Background: Measures of central adiposity are better predictors of adverse health events than BMI. Nonetheless, BMI is more widely used in health research. One reason for this may be the limited research supporting the self-measurement of waist and hip circumference. The lack of validity studies is particularly acute in Asia. The main objective was to establish the validity of self-measurement of waist and hip circumference in a community setting and the correlation of those measures with BMI, blood pressure, and blood glucose levels.
Methods: A community based, cross-sectional survey. A "healthy living expo" at a shopping mall in a rural town on peninsular Malaysia One hundred and thirty six (136) individuals volunteered to participate in the study, 125 of whom met the inclusion criteria. The ethnic distribution of the participants was 80% Chinese, 17% Malay and 3% Indian. Most participants were female (60%), with participants' ages ranging from 18 to 78 years (mean, 47.2). Self and assisted measurements of waist and hip were taken. Blood pressure, non-fasting blood glucose, height, and weight were also measured. Bland Altman plots and Lin's concordance coefficient were used to measure agreement between self and assisted measures. Pearson's correlation was used to examine the association of self and assisted measures with blood pressure, blood glucose, and BMI.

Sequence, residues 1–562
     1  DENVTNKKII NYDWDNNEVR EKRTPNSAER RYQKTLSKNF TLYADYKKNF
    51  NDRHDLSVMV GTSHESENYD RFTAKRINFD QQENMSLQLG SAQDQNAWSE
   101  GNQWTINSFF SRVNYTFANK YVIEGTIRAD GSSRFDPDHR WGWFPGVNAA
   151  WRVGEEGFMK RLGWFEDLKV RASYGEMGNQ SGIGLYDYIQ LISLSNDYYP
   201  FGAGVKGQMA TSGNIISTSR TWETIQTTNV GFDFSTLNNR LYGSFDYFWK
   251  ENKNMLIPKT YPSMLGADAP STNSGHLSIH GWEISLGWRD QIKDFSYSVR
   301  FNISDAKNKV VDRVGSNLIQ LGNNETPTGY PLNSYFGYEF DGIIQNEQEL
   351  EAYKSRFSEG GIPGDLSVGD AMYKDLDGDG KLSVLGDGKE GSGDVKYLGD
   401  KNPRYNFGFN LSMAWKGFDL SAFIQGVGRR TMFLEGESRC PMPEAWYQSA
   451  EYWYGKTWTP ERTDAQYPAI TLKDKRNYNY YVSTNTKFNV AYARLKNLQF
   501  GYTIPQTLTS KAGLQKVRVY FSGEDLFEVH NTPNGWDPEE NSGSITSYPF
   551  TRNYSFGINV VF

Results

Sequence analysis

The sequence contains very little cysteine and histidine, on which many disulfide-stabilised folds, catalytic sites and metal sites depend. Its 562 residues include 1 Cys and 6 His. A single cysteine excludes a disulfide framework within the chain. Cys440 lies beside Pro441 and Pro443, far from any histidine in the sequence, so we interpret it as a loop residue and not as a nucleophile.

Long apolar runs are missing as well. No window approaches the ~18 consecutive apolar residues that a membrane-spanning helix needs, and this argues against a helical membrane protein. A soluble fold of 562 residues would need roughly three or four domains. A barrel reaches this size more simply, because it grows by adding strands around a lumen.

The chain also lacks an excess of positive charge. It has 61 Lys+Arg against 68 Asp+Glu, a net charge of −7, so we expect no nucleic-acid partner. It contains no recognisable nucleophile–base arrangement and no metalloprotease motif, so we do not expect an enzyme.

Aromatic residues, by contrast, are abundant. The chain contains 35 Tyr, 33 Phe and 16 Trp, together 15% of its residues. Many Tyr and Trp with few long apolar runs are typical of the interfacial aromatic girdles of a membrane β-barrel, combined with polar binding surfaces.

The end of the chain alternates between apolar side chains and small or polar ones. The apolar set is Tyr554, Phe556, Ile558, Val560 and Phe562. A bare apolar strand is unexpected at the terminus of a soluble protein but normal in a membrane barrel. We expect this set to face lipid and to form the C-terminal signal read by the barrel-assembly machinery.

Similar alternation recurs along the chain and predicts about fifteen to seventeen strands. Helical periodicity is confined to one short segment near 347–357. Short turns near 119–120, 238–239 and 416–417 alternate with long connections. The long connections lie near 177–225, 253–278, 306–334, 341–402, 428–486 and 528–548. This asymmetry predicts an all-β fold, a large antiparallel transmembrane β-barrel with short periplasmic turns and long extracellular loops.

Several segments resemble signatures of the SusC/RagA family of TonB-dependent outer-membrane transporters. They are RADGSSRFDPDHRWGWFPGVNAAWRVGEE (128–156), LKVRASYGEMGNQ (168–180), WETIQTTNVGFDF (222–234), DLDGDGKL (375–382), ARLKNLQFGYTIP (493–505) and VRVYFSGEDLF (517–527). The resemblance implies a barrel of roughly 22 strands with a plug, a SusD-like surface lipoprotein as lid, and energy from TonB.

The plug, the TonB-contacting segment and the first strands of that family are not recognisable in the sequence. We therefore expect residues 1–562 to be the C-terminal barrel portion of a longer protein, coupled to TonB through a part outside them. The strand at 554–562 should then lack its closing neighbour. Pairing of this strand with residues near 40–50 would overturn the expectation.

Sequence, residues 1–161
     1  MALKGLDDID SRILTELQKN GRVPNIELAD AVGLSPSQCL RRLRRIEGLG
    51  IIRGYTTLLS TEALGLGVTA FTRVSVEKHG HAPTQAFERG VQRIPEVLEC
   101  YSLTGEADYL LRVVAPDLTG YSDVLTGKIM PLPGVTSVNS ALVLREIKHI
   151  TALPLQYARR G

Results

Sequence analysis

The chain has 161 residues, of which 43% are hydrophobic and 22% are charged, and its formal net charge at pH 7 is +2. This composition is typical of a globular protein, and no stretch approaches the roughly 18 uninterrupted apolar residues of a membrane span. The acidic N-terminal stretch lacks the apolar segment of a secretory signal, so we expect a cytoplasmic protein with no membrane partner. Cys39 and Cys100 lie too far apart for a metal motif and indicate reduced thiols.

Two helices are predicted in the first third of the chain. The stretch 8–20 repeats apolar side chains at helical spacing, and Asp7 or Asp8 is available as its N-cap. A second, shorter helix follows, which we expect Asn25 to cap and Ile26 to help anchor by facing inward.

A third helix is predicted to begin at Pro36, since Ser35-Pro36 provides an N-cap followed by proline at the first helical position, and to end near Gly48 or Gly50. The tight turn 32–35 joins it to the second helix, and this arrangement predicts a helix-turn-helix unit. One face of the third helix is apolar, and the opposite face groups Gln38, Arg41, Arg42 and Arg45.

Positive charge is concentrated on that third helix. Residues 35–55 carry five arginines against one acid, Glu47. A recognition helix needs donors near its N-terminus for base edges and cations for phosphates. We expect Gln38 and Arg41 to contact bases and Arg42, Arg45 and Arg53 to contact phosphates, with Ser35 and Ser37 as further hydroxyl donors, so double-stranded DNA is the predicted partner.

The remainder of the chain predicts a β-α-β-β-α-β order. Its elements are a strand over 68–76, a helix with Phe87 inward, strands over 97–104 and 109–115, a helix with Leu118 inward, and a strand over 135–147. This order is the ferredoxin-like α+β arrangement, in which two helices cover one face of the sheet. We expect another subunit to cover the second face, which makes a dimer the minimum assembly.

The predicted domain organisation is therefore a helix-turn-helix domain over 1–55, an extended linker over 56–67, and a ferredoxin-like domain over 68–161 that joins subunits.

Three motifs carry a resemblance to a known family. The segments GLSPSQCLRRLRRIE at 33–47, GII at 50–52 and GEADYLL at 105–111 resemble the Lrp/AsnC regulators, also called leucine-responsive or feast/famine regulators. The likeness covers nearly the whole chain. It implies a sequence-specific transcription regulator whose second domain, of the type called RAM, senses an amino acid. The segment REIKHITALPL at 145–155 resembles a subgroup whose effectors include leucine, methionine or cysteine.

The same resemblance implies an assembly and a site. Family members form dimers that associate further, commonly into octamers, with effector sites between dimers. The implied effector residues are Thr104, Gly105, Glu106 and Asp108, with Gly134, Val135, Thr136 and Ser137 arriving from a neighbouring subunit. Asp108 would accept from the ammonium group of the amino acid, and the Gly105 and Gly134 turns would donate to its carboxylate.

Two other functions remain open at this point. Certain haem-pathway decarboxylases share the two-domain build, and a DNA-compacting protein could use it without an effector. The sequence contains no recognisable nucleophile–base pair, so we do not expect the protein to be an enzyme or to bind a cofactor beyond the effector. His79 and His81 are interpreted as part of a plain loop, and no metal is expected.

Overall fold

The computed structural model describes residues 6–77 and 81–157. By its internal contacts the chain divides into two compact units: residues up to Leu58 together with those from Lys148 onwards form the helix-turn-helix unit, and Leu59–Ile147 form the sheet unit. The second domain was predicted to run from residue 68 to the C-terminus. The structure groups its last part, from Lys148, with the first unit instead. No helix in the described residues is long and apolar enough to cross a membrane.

Results: There was a downwards bias in self measured waist (-0.81 cm) and hip (-1 cm) circumferences compared with assisted measures. The concordance for the self and assisted measures of waist, hip and the ratio of the two were, respectively, .96, .93 , and .84. The correlation between measures of central adiposity and BMI, blood pressure and blood glucose were similar for self and assisted measures.
Conclusion: The results provide additional support for the use of self-measurement of waist and hip circumference studies of central adiposity, but is limited by the specificity of the setting.